One of those silly online quizzes (you know, something along the line of what color dog were you in a previous life?) tells me I have a “philosophical mind.” I think what that means is that for more than half my life, I have been wondering what is my purpose in life. On the down swing of bipolar, my purpose is negative: I am trying NOT to leave the world in worst shape than it is right now, on a grey maybe-it-will-rain August afternoon.
For the past six weeks or so, I have been on the R³ kick, although what I am actually doing is trying my damnedest to control my environment. It began because I realized what I most wanted out of my new house is an empty house — but clearly that cannot be, because I need a bed, and clothes, and kitchen stuff, and bathroom stuff, and and and . . . So the next best thing is to declutter. We (this includes DH and The Teenager) have been giving away/throwing away at least one item a day, although we tend to count groups of items as one item (a set of towels, a group of figurines, that stack of technical papers from 20 years ago). The surprise is how easy it has been. The other surprise is that though we have reduced and recycled so much (well, we think it’s much), it is invisible. The Teenager’s room is still cluttered, DH’s office looks about the same, I have way too many books and clothes and doodads, and we still have too much furniture.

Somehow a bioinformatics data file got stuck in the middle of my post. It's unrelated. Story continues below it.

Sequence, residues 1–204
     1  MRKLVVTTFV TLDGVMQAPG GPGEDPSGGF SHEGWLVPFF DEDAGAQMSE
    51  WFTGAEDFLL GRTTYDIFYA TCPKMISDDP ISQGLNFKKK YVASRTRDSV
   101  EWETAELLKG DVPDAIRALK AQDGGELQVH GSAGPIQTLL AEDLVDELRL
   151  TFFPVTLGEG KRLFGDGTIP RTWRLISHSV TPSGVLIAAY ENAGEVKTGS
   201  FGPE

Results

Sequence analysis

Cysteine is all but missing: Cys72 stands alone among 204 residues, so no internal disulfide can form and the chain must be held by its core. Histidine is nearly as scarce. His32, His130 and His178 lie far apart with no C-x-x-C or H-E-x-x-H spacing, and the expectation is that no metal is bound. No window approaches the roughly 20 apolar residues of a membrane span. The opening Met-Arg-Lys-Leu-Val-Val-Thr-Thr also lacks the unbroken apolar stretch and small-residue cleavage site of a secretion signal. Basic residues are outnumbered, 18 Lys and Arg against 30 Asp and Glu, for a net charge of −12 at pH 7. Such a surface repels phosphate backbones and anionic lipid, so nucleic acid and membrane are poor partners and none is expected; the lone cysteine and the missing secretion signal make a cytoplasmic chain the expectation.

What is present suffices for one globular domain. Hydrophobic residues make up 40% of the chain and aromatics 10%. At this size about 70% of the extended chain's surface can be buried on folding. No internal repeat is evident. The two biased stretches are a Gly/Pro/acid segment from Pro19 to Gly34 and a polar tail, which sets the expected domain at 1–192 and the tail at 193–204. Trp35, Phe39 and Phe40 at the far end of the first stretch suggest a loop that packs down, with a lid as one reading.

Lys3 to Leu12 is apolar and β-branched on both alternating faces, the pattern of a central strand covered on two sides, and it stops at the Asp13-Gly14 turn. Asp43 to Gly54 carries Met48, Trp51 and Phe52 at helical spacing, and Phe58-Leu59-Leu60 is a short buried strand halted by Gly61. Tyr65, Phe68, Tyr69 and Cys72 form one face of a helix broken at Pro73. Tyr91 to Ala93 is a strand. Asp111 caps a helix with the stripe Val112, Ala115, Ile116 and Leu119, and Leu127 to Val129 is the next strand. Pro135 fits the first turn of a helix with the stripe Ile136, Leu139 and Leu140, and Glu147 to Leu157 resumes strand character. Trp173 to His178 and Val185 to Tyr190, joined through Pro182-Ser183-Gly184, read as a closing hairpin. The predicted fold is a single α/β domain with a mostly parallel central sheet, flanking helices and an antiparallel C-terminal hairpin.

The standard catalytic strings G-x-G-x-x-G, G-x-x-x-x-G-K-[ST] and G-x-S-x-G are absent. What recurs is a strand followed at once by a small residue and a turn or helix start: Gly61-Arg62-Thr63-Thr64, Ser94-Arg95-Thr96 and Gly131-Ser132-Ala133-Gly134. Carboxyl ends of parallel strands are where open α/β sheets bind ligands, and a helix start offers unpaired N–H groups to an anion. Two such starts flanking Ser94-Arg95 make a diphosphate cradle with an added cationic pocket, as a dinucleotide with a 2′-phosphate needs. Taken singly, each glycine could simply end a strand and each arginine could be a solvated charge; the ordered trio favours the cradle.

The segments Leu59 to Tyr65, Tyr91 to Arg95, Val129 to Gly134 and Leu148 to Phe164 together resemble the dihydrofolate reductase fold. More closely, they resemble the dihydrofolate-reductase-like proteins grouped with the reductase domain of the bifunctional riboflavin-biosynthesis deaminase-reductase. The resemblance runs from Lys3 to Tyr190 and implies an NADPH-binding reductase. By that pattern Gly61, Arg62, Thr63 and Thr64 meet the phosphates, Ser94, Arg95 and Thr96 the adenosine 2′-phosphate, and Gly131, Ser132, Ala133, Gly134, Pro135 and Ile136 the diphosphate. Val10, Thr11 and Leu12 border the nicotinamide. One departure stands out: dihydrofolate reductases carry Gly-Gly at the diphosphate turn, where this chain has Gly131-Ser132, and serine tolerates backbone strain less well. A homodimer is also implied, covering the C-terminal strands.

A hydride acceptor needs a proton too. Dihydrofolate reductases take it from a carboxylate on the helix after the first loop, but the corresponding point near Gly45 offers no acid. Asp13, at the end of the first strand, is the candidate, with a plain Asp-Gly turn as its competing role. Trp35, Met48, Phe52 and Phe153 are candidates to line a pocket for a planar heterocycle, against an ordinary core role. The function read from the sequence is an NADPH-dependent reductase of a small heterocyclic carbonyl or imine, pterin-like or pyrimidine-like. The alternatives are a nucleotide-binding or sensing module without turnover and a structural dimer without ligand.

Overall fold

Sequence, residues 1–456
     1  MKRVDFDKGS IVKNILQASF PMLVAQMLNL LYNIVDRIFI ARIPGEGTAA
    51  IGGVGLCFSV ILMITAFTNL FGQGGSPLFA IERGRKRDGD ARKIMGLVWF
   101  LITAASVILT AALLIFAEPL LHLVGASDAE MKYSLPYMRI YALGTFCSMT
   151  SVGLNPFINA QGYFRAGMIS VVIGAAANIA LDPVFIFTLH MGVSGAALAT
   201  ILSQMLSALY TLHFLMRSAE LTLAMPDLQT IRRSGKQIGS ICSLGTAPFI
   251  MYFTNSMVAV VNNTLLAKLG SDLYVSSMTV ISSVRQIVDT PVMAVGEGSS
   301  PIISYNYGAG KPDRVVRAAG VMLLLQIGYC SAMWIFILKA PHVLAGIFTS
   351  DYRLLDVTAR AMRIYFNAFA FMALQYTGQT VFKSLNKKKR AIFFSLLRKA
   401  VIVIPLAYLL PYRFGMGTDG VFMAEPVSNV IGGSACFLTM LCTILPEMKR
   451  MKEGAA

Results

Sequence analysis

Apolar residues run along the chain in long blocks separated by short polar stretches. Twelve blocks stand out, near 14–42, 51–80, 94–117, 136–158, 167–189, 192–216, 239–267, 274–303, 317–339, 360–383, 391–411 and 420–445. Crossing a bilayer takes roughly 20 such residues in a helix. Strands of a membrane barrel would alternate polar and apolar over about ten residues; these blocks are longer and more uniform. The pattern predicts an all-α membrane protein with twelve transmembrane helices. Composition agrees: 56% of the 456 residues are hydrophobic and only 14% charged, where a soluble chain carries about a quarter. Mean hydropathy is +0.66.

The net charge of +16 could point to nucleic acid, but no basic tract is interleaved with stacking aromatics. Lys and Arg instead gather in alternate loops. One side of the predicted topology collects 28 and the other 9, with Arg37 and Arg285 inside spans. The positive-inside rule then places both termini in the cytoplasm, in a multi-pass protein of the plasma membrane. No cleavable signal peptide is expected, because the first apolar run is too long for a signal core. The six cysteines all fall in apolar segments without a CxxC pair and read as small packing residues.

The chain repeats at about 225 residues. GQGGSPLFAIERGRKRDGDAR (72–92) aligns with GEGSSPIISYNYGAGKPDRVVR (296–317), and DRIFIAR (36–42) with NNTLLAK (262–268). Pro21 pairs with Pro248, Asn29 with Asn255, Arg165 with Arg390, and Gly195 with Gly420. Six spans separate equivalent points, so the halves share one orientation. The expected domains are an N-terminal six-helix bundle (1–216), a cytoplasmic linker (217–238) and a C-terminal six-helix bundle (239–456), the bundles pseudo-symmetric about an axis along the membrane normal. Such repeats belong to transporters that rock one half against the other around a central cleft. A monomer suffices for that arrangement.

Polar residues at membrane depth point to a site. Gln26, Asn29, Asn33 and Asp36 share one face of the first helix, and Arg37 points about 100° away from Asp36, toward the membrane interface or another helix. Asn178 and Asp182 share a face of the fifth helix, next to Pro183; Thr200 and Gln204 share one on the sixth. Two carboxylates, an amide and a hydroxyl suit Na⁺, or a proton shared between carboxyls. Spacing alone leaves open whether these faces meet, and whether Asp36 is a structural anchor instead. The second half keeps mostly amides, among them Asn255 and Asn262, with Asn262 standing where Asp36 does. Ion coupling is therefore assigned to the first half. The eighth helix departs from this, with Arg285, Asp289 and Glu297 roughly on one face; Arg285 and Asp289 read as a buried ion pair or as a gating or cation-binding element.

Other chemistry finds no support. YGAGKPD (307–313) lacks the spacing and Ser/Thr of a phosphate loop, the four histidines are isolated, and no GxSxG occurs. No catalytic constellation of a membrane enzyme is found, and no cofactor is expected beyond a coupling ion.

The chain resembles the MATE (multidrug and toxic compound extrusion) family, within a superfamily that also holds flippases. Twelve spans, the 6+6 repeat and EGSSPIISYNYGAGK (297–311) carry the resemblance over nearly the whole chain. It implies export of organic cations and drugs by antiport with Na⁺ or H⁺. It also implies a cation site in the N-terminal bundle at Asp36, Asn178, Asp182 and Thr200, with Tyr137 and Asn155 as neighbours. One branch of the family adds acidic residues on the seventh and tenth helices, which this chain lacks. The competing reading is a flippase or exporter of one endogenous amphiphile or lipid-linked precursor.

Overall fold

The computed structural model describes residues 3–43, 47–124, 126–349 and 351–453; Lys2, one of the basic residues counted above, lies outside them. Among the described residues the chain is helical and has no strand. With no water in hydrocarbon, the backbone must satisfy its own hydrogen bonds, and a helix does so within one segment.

So what is the Big Picture?
I moved to college with five boxes of belongings. I moved to graduate school with eight boxes in my little Toyota Corolla (back when the Corolla truly was a compact car). We now have five dining tables. Does anyone need five dining tables? In our defense, three of those tables function as desks, one is a sewing table, and one actually is a dining table. But still . . . Then I had a moment of clarity when I was reading an article about a man who bought a 700 square foot house, and immediately started making a list of “cannot live without” things. As it turned out, there were even more items on the “cannot live without” list that he could in fact live without.
If my purpose is what I think it is, then it should not be easy. When our neighbor moved out, she rented a dumpster, and managed to empty it twice with all the things she needed during her life in that house. I am trying to avoid that last-ditch dumpster dump, but not sure if I will succeed. So everyday, I continue to look at my belongings: Why are you in my life? How much “stuff” do I need to remind me of who I am?
Tula, who is pretty sure she does NOT need a ribbon